Osvald Chlubna

From Wikipedia, the free encyclopedia
Jump to: navigation, search

Osvald Chlubna (July 22, 1893, Brno – October 30, 1971, Brno) was a prominent Czech composer. Intending originally to study engineering, Chlubna switched his major and from 1914 to 1924, he studied composition with Leoš Janáček. Until 1953, he worked as a clerk. Later, he taught at the Organ School in Brno for many years. He worked in many art organisations in Brno. Chlubna's works can be defined by three distinct periods: Romanticism, Impressionism, all the way to the Modern Constructivism. He delved into Symbolism as well. He used the texts of symbolic Czech poets, such as Otakar Březina, Jaroslav Vrchlický, Jaroslav Durych and others. He wrote several cycles of compositions for piano and organ, as well as instrumental concerts, symphonies, ouvertures and cantatas. He wrote many operas, often using his own librettos, such as The Revenge of Catullus based on the work of Vrchlický (1917), Alladina and Palomid (based on the work of Maeterlinck, 1925), Ňura (1932), How the Death came in the World (1936), Jiří from Kunštát and Poděbrady (based on the work of Alois Jirásek, 1941), Cradle (composed on the work of Jirásek, 1951), Eupyros (1960). He also wrote texts and articles primarily about Janáček.

Selected works[edit]

Opera

  • Pomsta Catullova (The Revenge of Catullus), 1 Act (1917); libretto by the composer based on the work of Jaroslav Vrchlický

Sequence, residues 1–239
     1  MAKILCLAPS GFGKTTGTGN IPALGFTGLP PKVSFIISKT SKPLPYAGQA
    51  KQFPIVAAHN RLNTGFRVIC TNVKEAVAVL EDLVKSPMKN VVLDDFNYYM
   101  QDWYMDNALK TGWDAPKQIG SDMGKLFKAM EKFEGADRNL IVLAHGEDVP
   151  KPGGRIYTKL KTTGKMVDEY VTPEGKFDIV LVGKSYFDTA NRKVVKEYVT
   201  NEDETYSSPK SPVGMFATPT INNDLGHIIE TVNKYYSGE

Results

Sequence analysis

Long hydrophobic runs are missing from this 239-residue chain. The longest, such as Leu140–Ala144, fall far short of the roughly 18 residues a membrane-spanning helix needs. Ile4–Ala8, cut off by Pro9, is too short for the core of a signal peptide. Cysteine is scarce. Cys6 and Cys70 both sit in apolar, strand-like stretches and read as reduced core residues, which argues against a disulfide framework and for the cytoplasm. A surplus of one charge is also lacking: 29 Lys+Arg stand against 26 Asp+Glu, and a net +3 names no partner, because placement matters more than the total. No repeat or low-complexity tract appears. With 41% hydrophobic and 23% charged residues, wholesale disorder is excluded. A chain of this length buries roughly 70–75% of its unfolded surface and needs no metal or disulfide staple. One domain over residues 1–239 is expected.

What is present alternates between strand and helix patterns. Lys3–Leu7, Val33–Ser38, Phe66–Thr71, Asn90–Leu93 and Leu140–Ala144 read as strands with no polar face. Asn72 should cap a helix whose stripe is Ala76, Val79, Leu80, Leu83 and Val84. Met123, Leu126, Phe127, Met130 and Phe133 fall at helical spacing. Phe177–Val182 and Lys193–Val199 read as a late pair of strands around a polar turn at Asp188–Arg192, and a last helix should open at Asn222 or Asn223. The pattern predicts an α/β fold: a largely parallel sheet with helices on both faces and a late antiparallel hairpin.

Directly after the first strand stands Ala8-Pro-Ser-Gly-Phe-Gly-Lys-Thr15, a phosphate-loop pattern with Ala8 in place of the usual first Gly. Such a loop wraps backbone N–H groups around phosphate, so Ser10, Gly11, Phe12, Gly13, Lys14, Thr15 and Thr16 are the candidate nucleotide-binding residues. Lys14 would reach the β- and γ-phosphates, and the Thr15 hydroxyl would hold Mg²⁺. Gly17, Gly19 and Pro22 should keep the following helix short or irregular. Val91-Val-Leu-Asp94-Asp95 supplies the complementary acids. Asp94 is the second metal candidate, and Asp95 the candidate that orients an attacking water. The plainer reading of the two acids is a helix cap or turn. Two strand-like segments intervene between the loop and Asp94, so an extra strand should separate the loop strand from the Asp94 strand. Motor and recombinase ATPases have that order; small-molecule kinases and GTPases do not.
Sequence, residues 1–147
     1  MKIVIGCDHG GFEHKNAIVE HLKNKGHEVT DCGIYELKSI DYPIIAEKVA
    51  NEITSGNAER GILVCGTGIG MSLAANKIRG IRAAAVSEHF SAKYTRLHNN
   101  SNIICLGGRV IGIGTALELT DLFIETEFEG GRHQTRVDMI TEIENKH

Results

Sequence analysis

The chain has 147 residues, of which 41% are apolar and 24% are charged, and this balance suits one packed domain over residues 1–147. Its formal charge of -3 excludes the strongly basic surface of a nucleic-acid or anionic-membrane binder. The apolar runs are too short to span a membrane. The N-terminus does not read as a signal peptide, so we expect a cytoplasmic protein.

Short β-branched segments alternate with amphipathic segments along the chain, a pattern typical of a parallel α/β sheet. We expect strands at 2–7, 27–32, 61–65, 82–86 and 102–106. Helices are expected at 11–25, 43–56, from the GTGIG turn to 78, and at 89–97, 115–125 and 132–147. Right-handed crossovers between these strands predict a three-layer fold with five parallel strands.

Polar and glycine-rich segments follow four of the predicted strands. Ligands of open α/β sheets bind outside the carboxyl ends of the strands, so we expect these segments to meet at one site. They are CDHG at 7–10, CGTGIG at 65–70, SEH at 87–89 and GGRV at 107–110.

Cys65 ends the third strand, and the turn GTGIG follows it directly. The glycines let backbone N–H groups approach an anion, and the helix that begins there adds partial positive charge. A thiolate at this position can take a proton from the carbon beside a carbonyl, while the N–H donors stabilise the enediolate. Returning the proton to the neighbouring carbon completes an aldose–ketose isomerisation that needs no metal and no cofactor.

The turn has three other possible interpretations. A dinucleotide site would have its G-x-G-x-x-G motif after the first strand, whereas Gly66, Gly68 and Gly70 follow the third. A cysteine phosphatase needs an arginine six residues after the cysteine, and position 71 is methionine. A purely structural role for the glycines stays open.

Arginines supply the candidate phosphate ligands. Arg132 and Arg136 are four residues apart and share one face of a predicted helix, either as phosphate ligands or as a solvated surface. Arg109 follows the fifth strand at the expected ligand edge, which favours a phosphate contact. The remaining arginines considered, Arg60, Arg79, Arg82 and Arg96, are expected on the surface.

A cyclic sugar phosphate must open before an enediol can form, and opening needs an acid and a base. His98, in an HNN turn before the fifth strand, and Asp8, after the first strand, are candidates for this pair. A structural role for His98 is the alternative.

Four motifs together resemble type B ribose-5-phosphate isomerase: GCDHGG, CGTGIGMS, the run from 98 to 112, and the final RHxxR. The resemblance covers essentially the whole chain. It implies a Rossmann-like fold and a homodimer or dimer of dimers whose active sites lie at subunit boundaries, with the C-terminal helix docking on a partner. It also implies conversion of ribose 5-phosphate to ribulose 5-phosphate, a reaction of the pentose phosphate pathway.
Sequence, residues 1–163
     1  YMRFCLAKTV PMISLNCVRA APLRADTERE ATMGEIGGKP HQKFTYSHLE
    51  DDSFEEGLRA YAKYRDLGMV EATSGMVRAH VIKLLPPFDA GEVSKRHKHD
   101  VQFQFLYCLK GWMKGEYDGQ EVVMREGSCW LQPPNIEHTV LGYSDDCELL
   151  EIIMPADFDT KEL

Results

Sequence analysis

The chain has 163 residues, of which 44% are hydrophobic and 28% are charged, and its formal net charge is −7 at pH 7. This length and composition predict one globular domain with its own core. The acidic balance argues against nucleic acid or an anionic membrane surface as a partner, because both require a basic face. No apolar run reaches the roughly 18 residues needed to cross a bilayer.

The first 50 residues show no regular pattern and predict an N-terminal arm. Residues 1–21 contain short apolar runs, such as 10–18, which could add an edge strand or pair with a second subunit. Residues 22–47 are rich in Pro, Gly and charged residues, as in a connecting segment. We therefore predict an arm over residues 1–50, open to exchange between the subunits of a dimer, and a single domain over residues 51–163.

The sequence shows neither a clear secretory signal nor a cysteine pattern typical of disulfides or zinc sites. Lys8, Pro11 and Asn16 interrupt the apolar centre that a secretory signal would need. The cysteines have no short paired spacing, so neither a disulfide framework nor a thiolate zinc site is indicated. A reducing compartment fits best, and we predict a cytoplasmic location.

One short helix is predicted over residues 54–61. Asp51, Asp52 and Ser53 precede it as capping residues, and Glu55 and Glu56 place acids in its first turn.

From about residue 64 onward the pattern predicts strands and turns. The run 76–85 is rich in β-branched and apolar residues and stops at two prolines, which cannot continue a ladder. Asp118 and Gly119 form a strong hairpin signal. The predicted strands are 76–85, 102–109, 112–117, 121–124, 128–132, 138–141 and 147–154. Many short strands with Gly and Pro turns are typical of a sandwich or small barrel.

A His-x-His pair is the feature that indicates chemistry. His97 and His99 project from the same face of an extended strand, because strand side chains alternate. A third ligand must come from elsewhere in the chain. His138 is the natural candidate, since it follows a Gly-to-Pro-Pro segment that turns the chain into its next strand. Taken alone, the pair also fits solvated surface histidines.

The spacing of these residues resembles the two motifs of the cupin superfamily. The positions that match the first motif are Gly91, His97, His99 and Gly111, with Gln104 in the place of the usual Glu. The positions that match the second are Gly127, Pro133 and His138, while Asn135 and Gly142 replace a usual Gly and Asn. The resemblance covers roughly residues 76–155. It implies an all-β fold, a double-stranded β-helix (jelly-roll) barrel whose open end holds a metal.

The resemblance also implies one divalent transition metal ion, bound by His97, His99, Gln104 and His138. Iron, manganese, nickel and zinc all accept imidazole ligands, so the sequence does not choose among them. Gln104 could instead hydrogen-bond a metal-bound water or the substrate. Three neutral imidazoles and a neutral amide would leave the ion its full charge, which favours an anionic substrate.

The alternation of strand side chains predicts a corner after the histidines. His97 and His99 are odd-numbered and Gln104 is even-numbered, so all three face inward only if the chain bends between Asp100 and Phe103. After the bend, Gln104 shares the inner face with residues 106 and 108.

• Alladina a Palomid (Alladina and Palomid), 3 Acts (1922); libretto by the composer based on the work of Maurice Maeterlinck
  • Ňura, 2 Acts (1930); libretto by O. Dymov
  • Jak smrt přišla do světa (How Death Came into the World) (1936); libretto by the composer
  • Freje pána z Heslova (The Friar of Heslov), 4 Acts (1939–1940); libretto by F. L. Stroupežnichký
  • Jiří z Kunštátu a Poděbrad (Jiří from Kunštát and Poděbrady), 3 Acts (1941–1942); libretto by the composer based on the work of Alois Jirásek
  • Kolébka (The Cradle), 3 Acts (1951–1952); libretto by the composer based on the work of Alois Jirásek
  • Eupyros, 3 Acts (1960–1962); libretto by the composer

Ballet

  • Hrátky na drátkách (1955); libretto by the composer

Orchestra

  • Karneval podzimu (Winter Carneval), Op.82
  • Portály a fresky brněnské
  • Symphony No.3 "Osudová" (1960)
  • To je má zem (This is My Country), Cycle of Symphonic Poems for Orchestra
Brněnské kašny a fontány, Op.86 (1963)
Propast Macocha, Op.87
Hrad Pernštejn, Op.88
Ej chlapci, hore!, Op.90
  • Veseloherní předehra (Comedy Overture)

Band

  • Pochod sportovců

Concertante

  • Andante for Violin and Small Orchestra
  • Fantasie in C Minor for Viola and Orchestra, Op.44 (1936)
  • Concerto for Violin and Orchestra, Op.75

Chamber

  • Elegie ztracených lidí (Elegy of Lost Peoples) for Cello and Piano (1924)
  • Fantasie for violin and viola, Op.71 (1949)
  • Invence (Invention) for Viola Solo (1962)
  • Sonata for Violin and Cello, Op.22 (1925)
  • Sonata for Violin and Piano, Op.66 (1948)
  • Sonatina for Viola and Piano, Op.119
  • String Quartet in C Major, Op.26
  • String Quartet No.3 in E, Op.35 (1933)
  • String Quartet No.5, Op.114
  • Suita instruktivní for Violin and Piano

Piano

  • Nokturna (Nocturnes), Cycle of Moods, Op.36 (1933)
  • Preludium, toccata a fuga, Op.37
  • Sonáta-fantazie, Op.93

Organ

  • Allegro feroce
  • Passacaglia, Op.41

Choral

  • Já, potulný šumař, Cantata
  • Je krásná země má, Lyric Cantata for Chorus and Orchestra; text by F. Halas, A. Sova
  • Ve jménu života, Cantata for Chorus and Orchestra, Op.94

Vocal

  • Melancholické serenády o lásce (Melancholic Serenades of Love) for Voice and Piano, Op.62

References[edit]